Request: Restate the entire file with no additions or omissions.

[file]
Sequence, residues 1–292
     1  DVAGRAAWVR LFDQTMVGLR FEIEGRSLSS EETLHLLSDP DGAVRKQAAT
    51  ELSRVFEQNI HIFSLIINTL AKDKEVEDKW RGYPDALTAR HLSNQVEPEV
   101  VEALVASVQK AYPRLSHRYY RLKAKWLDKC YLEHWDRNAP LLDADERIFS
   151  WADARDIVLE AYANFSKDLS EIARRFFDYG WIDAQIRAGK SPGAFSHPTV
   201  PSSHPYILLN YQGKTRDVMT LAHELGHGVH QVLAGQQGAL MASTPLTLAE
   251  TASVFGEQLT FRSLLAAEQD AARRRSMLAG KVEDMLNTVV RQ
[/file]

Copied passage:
Sequence, residues 1–292
     1  DVAGRAAWVR LFDQTMVGLR FEIEGRSLSS EETLHLLSDP DGAVRKQAAT
    51  ELSRVFEQNI HIFSLIINTL AKDKEVEDKW RGYPDALTAR HLSNQVEPEV
   101  VEALVASVQK AYPRLSHRYY RLKAKWLDKC YLEHWDRNAP LLDADERIFS
   151  WADARDIVLE AYANFSKDLS EIARRFFDYG WIDAQIRAGK SPGAFSHPTV
   201  PSSHPYILLN YQGKTRDVMT LAHELGHGVH QVLAGQQGAL MASTPLTLAE
   251  TASVFGEQLT FRSLLAAEQD AARRRSMLAG KVEDMLNTVV RQ